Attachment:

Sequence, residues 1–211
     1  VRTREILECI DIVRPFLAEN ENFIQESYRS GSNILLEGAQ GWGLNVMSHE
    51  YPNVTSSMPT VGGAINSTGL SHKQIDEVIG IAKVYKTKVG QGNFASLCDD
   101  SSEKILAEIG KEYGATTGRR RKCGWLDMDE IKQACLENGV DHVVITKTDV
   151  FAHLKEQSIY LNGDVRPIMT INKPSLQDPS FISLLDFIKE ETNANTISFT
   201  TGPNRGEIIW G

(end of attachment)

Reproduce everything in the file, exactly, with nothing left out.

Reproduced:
Sequence, residues 1–211
     1  VRTREILECI DIVRPFLAEN ENFIQESYRS GSNILLEGAQ GWGLNVMSHE
    51  YPNVTSSMPT VGGAINSTGL SHKQIDEVIG IAKVYKTKVG QGNFASLCDD
   101  SSEKILAEIG KEYGATTGRR RKCGWLDMDE IKQACLENGV DHVVITKTDV
   151  FAHLKEQSIY LNGDVRPIMT INKPSLQDPS FISLLDFIKE ETNANTISFT
   201  TGPNRGEIIW G